I am not sure to understand well how keepalives work on Ethernet interfaces.
I indeed would like to use these packets and the funtionnality which put an interface into "err-disable" state when the interface see a keepalive packet it sent to come back (loopback error).
I made a test with a C3560, creating a physical loop betwwen 2 interfaces, keepalives enabled, loopack detect enabled, but nothing happens.
Another example is a real case where we had a loop, provocated on a hub itself connected on a C2960 with a single physical connection. With the loop on the hub (with no STP), the switch C2960 should see the keepalive packet to come back on itself . What happens actually is that the "loopback error" sometimes occurs immediatly, sometimes never.
Has someone deeper knowledge about keepalives which coul help me to understand that?
Thanks in advance
an ethernet keepalive is a frame with source MAC address = destination MAC address and a specific encapsulation
The original objective of an ethernet keepalive is just to check if the local interface can send frame out on wire.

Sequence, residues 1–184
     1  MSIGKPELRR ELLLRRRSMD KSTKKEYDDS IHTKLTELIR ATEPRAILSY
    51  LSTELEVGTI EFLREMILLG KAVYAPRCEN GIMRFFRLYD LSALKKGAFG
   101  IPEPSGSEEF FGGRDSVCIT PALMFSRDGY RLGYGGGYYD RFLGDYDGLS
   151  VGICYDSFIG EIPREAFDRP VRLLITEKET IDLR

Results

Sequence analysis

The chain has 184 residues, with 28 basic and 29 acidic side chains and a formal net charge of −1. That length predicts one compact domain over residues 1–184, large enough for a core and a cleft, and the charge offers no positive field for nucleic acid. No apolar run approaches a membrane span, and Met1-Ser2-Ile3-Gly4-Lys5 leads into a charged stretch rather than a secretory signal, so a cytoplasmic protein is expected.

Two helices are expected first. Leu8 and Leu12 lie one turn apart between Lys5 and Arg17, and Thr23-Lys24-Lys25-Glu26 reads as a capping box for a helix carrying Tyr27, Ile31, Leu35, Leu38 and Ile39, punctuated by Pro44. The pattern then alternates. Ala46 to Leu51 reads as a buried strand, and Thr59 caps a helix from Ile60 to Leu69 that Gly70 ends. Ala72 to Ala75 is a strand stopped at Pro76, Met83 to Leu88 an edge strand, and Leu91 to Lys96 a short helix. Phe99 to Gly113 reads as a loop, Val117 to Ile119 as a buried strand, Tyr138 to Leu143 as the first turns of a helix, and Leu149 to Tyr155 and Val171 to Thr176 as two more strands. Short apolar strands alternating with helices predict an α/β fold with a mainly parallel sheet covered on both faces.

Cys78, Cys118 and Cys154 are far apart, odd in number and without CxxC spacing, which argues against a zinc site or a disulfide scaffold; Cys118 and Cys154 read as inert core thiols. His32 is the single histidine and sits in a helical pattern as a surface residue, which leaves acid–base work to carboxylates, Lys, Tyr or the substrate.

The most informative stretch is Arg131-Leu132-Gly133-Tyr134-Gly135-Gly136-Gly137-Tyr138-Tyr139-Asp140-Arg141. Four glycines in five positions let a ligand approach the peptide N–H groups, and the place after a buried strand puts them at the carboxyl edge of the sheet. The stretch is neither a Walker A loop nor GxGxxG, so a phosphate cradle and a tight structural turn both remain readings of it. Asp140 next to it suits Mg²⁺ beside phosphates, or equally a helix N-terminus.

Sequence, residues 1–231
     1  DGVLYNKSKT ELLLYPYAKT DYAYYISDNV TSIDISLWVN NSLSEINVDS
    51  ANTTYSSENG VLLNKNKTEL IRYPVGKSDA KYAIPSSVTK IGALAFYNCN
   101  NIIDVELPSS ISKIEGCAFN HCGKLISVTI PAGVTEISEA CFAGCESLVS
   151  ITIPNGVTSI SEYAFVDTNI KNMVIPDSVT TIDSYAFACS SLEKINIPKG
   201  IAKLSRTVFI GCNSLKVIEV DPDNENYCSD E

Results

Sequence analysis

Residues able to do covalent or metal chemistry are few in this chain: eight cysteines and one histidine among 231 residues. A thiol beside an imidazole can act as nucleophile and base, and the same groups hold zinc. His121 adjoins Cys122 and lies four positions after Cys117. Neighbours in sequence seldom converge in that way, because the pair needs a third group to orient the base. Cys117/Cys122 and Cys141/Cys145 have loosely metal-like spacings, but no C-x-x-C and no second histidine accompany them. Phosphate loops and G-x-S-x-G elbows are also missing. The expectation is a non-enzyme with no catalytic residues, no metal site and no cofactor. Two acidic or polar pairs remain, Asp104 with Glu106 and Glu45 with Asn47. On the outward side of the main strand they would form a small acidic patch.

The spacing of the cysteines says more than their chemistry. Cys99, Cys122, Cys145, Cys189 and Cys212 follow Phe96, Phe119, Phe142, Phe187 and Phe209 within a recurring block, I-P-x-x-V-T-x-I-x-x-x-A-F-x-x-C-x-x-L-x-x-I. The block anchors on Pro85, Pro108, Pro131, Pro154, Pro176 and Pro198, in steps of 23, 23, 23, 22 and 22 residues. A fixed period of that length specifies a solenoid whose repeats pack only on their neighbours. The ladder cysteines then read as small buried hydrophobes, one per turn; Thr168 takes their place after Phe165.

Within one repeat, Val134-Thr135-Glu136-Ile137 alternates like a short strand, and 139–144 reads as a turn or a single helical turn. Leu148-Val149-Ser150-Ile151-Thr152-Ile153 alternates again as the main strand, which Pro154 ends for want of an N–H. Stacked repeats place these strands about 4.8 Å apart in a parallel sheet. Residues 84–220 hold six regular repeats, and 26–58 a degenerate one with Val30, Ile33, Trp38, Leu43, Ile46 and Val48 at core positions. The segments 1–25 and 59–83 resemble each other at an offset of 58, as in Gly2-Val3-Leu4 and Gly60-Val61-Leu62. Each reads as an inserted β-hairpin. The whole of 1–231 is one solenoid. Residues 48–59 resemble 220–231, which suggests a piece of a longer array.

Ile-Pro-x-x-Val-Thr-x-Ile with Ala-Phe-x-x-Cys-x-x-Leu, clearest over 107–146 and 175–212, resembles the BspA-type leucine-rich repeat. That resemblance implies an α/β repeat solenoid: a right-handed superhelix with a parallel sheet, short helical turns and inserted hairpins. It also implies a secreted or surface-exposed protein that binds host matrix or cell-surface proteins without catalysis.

ethernet frames with LLC/SNAP encapsulation with protocol 0x9000 and with MAC SA = MAC DA = ethernet interface bia.
The best way to detect loops in the real world should be the use of BPDU guard to react when the port receives back its own STP BPDU.
I would not rely on ethernet keepalives as a way to detect loops.
Hope to help
I indeed would like to use something more "official" like STP BPDU Guard to detect loop. However, it is not so simple. In my topology, there is a switch A, administrated by myself), and switch B connected to A, but B is administrated by another entity, so I have no control on it. So I can't activate BPDU Guard on the uplink interface. Ideally, the solution todetect a loop that occur on switch B would be to activate BPDU Guardonly to detect my own BPDUs, but it's not possible.
For the moment, I can only use features like stormcontrol to mitigate the effect of the loop on the dowstrem routers which suddenly has to treat plenty of ARP or multicast packets.